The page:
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Tobacco Use and Sexual Orientation in a National Cross-sectional Study: Age, Race/Ethnicity, and Sexual Identity–Attraction Differences

  • Sean Esteban McCabe
    Correspondence
    Address correspondence to: Sean Esteban McCabe, PhD, Center for the Study of Drugs, Alcohol, Smoking and Health, School of Nursing, University of Michigan, 400 N. Ingalls, Ann Arbor MI 48109
    Affiliations
    Center for the Study of Drugs, Alcohol, Smoking and Health, School of Nursing, University of Michigan, Ann Arbor, Michigan

    Institute for Research on Women and Gender, University of Michigan, Ann Arbor, Michigan
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  • Alicia K. Matthews
    Affiliations
    College of Nursing, Department of Health Systems Science, University of Illinois at Chicago, Chicago, Illinois
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  • Joseph G.L. Lee
    Affiliations
    College of Health and Human Performance, Department of Health Education and Promotion, East Carolina University, Greenville, North Carolina
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  • Phil Veliz
    Affiliations
    Center for the Study of Drugs, Alcohol, Smoking and Health, School of Nursing, University of Michigan, Ann Arbor, Michigan

    Institute for Research on Women and Gender, University of Michigan, Ann Arbor, Michigan
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  • Tonda L. Hughes
    Affiliations
    School of Nursing and Department of Psychiatry, Columbia University, New York, New York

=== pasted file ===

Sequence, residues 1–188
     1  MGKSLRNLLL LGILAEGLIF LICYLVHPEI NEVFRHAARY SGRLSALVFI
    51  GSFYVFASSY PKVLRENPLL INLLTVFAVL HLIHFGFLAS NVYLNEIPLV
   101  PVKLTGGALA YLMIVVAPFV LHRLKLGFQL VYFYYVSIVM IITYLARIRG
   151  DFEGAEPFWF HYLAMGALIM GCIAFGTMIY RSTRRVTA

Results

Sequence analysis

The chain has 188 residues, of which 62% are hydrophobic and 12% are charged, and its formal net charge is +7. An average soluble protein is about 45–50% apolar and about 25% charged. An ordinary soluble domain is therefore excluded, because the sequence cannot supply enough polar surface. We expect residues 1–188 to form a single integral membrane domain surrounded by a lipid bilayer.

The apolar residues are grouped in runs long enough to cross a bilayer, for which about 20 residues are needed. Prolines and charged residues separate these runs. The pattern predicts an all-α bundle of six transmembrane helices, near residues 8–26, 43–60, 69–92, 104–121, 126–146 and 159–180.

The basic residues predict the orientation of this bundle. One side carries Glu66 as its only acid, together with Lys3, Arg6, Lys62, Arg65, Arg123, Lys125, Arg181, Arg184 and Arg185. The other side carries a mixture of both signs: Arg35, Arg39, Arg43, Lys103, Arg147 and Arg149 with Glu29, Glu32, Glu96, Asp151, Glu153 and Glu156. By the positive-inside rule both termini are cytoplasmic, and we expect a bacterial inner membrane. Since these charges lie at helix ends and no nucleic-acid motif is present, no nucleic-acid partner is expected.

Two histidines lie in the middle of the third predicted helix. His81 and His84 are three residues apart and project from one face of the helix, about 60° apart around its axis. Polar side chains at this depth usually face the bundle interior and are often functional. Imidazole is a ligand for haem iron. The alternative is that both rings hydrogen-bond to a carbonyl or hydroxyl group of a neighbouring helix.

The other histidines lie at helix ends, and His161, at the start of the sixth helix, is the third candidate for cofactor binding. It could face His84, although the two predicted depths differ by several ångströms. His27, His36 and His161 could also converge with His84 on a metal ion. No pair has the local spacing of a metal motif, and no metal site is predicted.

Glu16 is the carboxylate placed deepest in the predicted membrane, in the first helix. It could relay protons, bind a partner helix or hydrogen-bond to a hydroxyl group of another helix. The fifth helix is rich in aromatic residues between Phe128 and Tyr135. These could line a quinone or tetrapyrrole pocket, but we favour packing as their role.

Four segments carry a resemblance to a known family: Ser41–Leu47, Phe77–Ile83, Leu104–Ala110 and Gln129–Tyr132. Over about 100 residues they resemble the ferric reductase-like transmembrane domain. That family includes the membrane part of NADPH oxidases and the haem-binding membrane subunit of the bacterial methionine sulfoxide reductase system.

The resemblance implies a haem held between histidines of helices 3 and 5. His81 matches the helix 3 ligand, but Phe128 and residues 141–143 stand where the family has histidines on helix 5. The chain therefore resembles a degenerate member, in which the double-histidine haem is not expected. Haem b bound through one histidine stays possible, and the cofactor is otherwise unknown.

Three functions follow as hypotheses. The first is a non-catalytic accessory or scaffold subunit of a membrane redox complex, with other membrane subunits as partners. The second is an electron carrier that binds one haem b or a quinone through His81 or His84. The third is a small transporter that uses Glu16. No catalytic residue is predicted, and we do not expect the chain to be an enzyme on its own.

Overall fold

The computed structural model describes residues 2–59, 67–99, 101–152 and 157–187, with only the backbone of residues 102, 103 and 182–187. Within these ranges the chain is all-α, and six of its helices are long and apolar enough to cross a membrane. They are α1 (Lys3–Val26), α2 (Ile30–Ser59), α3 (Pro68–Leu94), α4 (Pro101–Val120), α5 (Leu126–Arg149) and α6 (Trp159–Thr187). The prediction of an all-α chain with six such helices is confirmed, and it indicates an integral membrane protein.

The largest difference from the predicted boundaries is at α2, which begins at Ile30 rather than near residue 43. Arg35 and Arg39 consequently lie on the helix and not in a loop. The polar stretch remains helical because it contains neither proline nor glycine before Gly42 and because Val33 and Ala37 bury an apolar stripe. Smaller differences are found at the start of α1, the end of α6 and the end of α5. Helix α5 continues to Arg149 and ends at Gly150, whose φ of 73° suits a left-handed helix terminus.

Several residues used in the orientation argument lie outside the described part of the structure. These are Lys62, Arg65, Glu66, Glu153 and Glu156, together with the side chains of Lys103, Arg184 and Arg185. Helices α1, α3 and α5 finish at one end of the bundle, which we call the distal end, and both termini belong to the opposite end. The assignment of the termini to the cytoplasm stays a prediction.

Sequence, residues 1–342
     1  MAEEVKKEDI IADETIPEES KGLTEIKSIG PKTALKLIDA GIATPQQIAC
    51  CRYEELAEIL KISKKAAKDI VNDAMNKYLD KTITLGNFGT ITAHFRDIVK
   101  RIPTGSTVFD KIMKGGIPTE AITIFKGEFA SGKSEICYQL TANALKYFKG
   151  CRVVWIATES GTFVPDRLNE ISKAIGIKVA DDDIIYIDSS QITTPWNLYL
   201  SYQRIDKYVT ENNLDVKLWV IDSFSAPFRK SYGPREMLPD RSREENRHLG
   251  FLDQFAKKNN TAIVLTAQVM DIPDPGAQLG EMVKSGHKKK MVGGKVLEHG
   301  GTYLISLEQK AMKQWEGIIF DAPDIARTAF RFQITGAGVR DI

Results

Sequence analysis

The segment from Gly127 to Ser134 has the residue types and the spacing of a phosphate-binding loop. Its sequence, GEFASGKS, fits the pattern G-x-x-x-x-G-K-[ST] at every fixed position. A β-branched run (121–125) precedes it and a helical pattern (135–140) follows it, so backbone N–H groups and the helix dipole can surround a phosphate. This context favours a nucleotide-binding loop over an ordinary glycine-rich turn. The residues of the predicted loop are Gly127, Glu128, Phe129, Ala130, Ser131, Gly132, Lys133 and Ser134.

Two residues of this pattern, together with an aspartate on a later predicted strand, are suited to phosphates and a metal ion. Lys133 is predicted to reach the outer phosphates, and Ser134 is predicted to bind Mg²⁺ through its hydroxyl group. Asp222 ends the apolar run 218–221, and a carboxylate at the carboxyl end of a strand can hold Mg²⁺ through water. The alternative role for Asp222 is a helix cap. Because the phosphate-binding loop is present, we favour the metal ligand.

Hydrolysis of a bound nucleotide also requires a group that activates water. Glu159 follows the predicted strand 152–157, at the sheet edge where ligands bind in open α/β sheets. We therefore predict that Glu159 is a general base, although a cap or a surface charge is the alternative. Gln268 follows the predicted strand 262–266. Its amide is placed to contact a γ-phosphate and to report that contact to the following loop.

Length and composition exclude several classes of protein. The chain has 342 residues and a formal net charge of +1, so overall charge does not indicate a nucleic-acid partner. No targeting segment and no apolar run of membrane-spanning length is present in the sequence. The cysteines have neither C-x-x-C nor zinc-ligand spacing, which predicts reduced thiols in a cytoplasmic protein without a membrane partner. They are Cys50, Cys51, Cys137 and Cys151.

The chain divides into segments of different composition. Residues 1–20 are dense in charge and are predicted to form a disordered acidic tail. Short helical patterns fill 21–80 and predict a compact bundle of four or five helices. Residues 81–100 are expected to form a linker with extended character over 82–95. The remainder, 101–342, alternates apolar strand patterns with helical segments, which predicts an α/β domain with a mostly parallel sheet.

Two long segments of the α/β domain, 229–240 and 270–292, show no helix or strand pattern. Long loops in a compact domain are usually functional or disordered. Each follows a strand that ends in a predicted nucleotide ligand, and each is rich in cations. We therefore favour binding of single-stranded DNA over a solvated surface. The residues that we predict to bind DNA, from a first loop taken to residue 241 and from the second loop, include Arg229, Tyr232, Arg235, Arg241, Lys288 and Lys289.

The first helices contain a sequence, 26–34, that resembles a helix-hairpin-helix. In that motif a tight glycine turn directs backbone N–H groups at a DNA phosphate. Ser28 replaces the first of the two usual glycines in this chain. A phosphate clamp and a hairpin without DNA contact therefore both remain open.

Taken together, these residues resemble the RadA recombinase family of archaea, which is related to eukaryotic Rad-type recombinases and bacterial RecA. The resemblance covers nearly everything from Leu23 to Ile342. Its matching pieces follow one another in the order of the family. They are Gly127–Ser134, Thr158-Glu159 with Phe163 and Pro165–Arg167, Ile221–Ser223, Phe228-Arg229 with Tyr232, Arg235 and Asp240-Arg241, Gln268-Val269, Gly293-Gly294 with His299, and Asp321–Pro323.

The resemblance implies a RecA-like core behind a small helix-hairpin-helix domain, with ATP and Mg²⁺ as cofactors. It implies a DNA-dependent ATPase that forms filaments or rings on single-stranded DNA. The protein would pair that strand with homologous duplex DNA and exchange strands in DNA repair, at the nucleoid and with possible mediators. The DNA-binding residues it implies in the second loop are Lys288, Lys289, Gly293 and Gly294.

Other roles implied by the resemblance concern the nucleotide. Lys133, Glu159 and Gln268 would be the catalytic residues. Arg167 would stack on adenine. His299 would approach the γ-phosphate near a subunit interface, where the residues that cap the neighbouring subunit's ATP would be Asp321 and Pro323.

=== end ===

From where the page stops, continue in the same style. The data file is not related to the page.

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  • Carol J. Boyd
    Affiliations
    Center for the Study of Drugs, Alcohol, Smoking and Health, School of Nursing, University of Michigan, Ann Arbor, Michigan

    Institute for Research on Women and Gender, University of Michigan, Ann Arbor, Michigan

    Addiction Center, Department of Psychiatry, University of Michigan, Ann Arbor, Michigan
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      Introduction

      The purpose of this study is to determine the past-year prevalence estimates of any nicotine/tobacco use, cigarette smoking, and DSM-5 tobacco use disorder based on sexual identity among U.S. adults, and to examine potential variations in these estimates by age, race/ethnicity, and sexual identity–attraction concordance/discordance.

      Methods

      The 2012–2013 National Epidemiologic Survey on Alcohol and Related Conditions collected data via in-person interviews with a cross-sectional nationally representative sample of non-institutionalized adults (response rate=60.1%) and analyses for the present study were conducted in 2017.

      Results

      Any past-year nicotine/tobacco use, cigarette smoking, and DSM-5 tobacco use disorder were most prevalent among sexual minority–identified adults compared with heterosexual-identified adults, with notable variations based on sex, age, race/ethnicity, and sexual identity–attraction discordance. Elevated rates of any nicotine/tobacco use, cigarette smoking, and DSM-5 tobacco use disorder among sexual minorities were most prevalent among younger lesbian women and gay men, and all age groups of bisexual men and women. The odds of any nicotine/tobacco use, cigarette smoking, and DSM-5 tobacco use disorder were significantly greater among sexual identity–attraction discordant women and significantly lower among sexual identity–attraction discordant men.

      Conclusions

      These findings provide valuable new information about sexual minority subgroups, such as self-identified bisexual older adults and sexual identity–attraction discordant women, that appear to be at higher risk for adverse smoking-related health consequences as a result of their elevated rates of cigarette smoking. Additional attention is warranted to examine these high-risk subpopulations prospectively and, if the results are replicated with larger samples, this information can be used to target smoking-cessation and lung cancer screening efforts.
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